Drug possession and supply in Poland is regulated by the Act on Counteracting Drug Addiction of 29 July 2005. The Act generally has a preventative and treatment-oriented character and the stipulated sanctions should not be used against problem drug users. Any drug possession, even possession of a small amount for personal use, is penalised by up to three years’ imprisonment. In minor cases, the offender can be fined or ordered to serve a sentence involving the limitation of liberty or deprivation of liberty for up to one year. Article 62(a), which came into force in 2011, gives the prosecutor and the judge the option to discontinue criminal procedures in the case individuals who are caught in possession of small amounts of narcotic drugs and psychotropic substances for private use.
The court may, however, decide to compel a sentenced drug user to undergo treatment. The Polish drug law implements the ‘treat rather than punish’ principle. Article 72 allows proceedings to be suspended while an offender is in treatment, and Article 73(a) allows for breaks in a sentence while an individual is in treatment.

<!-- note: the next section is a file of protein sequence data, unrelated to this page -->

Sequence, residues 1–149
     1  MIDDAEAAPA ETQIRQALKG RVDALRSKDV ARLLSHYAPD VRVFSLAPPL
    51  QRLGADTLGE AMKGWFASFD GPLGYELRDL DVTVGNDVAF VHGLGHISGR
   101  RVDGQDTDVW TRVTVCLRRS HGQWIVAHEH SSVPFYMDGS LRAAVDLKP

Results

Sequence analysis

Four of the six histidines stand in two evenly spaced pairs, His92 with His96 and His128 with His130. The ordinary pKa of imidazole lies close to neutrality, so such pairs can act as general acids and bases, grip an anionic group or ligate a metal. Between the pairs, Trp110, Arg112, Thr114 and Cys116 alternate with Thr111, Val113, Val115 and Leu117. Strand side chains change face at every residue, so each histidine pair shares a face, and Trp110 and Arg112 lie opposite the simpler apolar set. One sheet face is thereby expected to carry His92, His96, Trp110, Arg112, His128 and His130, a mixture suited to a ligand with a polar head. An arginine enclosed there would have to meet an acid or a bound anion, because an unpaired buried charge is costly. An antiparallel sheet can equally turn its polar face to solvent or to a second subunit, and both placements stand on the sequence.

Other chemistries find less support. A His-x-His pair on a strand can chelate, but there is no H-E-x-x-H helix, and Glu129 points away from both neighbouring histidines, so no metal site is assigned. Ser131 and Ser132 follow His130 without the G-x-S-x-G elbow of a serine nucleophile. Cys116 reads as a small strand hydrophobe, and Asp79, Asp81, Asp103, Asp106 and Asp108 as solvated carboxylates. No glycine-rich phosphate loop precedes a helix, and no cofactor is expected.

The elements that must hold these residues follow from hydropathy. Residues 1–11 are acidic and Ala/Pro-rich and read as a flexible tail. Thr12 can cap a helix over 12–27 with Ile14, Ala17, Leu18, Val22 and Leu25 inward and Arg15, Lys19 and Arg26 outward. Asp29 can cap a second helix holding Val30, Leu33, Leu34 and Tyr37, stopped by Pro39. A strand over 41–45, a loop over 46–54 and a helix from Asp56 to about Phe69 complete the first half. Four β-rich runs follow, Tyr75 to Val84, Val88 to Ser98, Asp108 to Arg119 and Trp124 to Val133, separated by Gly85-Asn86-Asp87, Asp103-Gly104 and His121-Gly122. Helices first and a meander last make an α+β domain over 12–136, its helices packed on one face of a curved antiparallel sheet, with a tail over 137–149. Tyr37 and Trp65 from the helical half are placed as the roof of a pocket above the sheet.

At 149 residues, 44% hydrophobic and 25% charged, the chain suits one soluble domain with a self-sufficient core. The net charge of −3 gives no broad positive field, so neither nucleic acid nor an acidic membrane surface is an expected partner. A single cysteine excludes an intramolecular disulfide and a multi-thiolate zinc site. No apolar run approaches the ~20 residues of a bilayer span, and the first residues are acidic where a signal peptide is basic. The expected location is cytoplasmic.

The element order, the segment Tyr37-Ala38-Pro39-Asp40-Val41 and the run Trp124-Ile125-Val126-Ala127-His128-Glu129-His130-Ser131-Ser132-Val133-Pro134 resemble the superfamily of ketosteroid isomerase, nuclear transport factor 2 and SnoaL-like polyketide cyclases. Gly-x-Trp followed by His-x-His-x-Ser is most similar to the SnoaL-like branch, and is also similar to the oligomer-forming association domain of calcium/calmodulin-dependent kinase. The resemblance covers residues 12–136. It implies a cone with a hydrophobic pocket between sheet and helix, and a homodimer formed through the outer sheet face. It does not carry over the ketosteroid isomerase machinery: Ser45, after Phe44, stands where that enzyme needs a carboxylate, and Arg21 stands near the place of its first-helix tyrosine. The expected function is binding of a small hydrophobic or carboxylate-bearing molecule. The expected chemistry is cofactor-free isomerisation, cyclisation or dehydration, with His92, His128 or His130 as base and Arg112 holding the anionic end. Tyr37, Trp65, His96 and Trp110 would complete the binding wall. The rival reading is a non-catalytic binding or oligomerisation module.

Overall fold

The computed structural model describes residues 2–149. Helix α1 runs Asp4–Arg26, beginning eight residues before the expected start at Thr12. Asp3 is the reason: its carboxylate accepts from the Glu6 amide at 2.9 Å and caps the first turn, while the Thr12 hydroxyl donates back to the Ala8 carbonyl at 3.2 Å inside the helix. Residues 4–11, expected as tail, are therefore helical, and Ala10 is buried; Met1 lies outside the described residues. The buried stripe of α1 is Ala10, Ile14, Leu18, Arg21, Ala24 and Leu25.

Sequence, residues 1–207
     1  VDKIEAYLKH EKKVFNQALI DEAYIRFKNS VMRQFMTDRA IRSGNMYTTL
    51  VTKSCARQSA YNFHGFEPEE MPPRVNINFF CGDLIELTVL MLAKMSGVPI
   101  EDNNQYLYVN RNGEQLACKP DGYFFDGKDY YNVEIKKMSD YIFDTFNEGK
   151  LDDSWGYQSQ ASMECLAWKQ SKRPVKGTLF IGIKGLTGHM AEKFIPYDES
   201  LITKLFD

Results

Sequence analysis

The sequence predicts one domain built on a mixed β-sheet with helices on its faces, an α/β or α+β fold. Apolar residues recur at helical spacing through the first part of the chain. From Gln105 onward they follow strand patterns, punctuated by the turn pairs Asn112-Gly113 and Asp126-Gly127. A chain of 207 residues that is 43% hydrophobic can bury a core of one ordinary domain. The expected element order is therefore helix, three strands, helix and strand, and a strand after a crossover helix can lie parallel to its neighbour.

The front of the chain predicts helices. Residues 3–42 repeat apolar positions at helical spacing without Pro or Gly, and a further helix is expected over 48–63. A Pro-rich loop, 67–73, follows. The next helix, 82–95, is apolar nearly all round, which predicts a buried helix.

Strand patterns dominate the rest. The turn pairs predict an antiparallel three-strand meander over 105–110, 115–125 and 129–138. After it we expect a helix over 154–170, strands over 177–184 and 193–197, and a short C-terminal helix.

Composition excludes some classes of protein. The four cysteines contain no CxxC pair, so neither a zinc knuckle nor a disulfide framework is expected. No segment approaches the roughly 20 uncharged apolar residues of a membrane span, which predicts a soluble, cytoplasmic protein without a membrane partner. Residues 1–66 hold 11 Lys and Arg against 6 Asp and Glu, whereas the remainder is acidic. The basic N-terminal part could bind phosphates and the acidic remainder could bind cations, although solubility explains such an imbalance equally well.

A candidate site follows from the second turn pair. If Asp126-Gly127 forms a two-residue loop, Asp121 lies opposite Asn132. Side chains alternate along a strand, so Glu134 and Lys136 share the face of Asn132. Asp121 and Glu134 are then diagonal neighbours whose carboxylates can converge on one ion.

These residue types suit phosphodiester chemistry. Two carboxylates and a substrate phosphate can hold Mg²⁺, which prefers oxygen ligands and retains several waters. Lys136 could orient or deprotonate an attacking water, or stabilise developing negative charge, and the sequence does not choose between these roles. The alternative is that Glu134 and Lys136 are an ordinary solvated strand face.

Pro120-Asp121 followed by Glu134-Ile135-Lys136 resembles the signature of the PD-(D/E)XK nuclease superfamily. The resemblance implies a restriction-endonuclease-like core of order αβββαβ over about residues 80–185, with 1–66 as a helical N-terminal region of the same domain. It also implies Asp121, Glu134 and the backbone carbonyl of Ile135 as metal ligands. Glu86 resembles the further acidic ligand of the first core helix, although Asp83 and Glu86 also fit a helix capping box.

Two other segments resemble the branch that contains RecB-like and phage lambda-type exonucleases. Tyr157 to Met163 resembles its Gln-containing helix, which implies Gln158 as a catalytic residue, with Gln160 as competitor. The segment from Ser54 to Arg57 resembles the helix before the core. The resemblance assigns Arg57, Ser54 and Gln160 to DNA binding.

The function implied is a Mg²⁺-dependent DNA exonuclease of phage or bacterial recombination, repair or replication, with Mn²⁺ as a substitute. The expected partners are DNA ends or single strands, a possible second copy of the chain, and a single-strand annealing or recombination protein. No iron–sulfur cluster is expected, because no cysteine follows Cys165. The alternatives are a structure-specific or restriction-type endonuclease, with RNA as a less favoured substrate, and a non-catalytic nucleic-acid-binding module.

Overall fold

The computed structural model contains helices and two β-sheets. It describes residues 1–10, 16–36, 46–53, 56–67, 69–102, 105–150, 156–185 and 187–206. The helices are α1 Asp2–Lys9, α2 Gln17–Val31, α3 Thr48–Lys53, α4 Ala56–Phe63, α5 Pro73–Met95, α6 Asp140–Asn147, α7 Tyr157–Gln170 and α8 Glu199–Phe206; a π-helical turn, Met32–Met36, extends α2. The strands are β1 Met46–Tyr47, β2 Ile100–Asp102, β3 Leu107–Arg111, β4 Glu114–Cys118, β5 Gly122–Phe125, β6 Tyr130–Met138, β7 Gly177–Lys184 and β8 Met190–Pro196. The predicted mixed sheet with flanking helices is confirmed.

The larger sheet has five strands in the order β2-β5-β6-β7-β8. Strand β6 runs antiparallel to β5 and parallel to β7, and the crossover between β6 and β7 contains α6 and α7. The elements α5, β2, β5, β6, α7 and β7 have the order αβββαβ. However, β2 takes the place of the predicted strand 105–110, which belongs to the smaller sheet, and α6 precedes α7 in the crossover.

Trafficking of drugs is penalised by a fine and imprisonment for between six months and eight years, depending on the gravity of the offence and whether or not the objective was to make a profit. In the case of a minor offence, the perpetrator may be fined, subject to the limitation of liberty or imprisoned for a maximum of one year. In cases where the amount of drugs is substantial, the perpetrator may be imprisoned for up to 12 years.
Legal penalties: the possibility of incarceration for possession of drugs for personal use (minor offence)
NB Year of data 2015.
Reported drug law offences and offenders in Poland
NB Year of data 2015.
In 2010, Poland passed a new law to penalise the supply of any unauthorised psychoactive substance, as enforced by the State Sanitary Inspectorate. This was revised in 2015 to introduce a list in a Regulation of the Ministry of Health of those substances declared to be psychoactive.
Drug law offence (DLO) data are the foundation for monitoring drug-related crime and are also a measure of law enforcement activity and drug market dynamics; they may be used to inform policies on the implementation of drug laws and to improve strategies.
The majority of drug law offences in Poland that were reported in 2015 were for possession. A large increase in the number of possession offences was recorded between 2009 and 2015. Drug cultivation offences also increased over this period.